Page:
“A North American evangelical woman walking the streets of Zomba, Malawi—where I live—might assume that women here are immodest. Spend any length of time talking to a woman with a baby of nursing age, and you’re almost certain to see her take her entire breast out of her shirt and offer it to her baby.
I’ve seen women walk along the street like that, a cloth snugly holding the baby in place while he sucks away. No one bats an eye. But when women wear shorts or skirts above the knee, everyone—men, women, even children—has a hard time not staring.
It’s not so hard to imagine how, in this context, knees became coded as more private than breasts. In a place where the birth rate is high, a single can of formula costs at least two week’s wages, and privacy is hard to come by, nursing in public is pretty much a necessity. Breasts can’t be regarded as for the bedroom only. The concept of modesty certainly exists, but it’s more often applied to women’s hemlines than their necklines.”
I have a piece up on “Rethinking Modesty” at Catapult magazine’s CLOTHE YOURSELF issue. Don’t worry, I’m not advocating showing off more skin…
Here’s the beginning:
When I was growing up, the only thing that could be said about clothing was that it should be “modest,” and ideally not too “worldly.” “Modesty” was proof-texted from 1 Timothy 2:9: “I also want women to dress modestly, with decency and propriety, not with braided hair or gold or pearls or expensive clothes.”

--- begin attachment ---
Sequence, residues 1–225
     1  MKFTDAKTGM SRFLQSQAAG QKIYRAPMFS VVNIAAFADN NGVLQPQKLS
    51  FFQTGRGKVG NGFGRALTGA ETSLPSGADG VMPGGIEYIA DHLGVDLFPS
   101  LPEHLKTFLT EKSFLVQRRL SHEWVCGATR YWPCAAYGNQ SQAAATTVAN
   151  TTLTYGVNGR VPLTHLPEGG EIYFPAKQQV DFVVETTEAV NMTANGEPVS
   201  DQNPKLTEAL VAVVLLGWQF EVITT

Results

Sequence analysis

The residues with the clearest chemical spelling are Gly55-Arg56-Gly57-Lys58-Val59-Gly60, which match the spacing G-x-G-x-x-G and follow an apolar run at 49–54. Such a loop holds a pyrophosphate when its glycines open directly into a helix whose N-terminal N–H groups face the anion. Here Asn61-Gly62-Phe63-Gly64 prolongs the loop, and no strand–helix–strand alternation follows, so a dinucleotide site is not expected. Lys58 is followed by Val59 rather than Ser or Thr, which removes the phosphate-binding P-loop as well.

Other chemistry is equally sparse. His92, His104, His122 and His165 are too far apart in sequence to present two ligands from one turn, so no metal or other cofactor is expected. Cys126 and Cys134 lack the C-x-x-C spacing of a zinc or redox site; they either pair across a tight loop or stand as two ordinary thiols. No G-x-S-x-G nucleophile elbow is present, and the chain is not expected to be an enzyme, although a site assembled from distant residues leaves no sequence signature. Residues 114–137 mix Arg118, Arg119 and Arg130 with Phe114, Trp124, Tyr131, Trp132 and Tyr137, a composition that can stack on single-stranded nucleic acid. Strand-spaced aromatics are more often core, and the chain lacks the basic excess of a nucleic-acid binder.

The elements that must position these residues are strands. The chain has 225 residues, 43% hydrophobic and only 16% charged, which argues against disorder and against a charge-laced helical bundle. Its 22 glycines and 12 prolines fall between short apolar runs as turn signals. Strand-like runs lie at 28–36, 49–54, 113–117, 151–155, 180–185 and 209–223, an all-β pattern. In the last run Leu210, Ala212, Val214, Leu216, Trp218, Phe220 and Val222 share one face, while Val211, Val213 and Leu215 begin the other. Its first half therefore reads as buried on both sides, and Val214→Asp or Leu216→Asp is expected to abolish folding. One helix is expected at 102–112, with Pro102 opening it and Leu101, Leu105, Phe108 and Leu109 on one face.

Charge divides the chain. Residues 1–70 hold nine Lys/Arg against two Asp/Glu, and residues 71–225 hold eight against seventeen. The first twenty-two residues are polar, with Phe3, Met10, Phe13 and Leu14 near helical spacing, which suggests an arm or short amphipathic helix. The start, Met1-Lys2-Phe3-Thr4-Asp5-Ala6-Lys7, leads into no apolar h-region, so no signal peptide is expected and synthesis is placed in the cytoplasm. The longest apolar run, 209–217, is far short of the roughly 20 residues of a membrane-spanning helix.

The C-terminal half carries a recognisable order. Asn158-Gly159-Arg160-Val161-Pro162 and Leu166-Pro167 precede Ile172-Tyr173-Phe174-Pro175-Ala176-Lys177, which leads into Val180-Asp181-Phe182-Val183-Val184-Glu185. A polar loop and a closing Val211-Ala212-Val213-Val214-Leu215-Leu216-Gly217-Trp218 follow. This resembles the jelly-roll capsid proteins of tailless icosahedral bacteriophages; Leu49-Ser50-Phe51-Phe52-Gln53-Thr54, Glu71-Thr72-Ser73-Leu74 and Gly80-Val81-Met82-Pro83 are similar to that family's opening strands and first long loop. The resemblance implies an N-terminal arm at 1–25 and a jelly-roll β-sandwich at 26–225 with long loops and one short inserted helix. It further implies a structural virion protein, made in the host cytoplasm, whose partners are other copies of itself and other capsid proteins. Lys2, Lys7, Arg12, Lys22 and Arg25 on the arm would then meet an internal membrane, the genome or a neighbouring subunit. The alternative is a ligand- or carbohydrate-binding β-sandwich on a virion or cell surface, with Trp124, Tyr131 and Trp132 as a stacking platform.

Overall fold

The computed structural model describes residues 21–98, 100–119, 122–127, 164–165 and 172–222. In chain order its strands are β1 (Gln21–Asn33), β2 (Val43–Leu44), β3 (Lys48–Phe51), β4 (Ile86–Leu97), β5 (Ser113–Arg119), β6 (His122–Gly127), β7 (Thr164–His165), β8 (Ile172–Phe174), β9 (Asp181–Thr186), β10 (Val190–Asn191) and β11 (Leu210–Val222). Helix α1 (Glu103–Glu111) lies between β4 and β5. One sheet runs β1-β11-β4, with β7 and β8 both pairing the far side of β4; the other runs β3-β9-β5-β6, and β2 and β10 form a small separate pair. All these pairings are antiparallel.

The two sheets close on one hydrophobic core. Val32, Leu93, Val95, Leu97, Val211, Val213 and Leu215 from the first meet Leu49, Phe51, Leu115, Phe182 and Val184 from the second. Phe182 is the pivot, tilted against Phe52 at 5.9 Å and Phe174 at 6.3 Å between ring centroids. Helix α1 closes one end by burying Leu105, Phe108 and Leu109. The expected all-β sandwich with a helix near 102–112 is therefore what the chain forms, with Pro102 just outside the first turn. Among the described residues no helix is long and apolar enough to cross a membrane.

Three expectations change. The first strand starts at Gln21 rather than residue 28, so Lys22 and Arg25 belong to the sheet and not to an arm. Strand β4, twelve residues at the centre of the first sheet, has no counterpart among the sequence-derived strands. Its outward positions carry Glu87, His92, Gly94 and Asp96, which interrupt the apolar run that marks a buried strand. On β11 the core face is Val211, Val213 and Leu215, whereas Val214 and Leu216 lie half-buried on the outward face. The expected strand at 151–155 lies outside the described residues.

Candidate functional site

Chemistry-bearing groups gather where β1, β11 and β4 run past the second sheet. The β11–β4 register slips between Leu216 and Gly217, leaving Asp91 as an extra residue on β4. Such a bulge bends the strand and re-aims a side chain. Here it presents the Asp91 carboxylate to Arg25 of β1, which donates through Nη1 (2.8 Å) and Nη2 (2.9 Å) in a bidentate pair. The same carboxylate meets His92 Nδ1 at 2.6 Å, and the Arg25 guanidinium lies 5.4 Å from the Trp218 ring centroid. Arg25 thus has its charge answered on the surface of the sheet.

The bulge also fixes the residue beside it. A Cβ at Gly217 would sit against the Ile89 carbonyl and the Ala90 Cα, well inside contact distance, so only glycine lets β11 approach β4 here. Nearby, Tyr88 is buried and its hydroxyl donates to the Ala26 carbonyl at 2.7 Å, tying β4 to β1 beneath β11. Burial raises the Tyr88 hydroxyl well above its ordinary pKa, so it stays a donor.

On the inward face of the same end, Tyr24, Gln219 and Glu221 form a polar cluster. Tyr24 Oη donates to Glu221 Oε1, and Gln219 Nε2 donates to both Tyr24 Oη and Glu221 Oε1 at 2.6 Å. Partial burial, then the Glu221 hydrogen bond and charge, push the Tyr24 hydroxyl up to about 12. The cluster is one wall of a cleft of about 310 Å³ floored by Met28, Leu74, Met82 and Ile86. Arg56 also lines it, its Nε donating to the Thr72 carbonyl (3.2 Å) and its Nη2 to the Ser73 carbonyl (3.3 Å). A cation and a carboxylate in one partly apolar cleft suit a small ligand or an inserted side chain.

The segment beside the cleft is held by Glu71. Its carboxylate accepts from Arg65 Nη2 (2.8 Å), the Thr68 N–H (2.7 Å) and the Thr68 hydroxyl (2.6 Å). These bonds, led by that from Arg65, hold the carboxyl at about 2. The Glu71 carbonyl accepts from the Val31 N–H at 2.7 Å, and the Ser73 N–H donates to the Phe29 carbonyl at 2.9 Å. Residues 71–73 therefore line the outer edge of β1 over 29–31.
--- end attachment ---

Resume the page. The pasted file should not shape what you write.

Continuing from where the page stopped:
Not looking “worldly” usually meant not being too fashionable — neither dressing in accordance with what was popular in the mainstream nor wearing anything with strong counterculture associations: no skater pants for boys, no ripped jeans for girls. This is what was meant, apparently, by 1 John 2:15-17: “Do not love the world, or anything in the world.”
While it seems that fewer churches are pushing the second issue — except, perhaps, to offer OMG-wear and other Christian versions of whatever is popular — modesty continues to be a topic of interest. Most American Christian definitions of modesty involve “not showing too much skin.” The question of male lust is often a part of the discussion. But in context, that doesn’t seem to be what Paul is talking about at all: modesty, in 1 Timothy 2:9, is about not flaunting your wealth, which is a surprisingly important thing in the Epistles as well as the Gospels. Braids and gold and pearls have nothing to do with not looking like the other, non-Christian, worldly women. The opposite of “modest” is not “sexually provocative,” but “flashy.”
Perhaps contemporary readers are tempted to regard 1 Timothy 2 as irrelevant anyway; that’s the place where Paul says he does not permit women to teach or have authority over men, and where he says, weirdly, that they will be “saved through childbearing,” a phrase no one has ever explained to my satisfaction. But what Paul says about modesty doesn’t seem particularly idiosyncratic or easily dismissed. What did John the Baptist call people to do in preparation for Jesus? Give away your extra clothes. What makes it hard to enter God’s kingdom? Wealth. What causes quarrels and fights in the various churches? People segregating themselves on the basis of social status and marginalizing those who are poor. Modesty in 1 Timothy 2 has more to do with dismantling social class divisions than keeping your skin covered.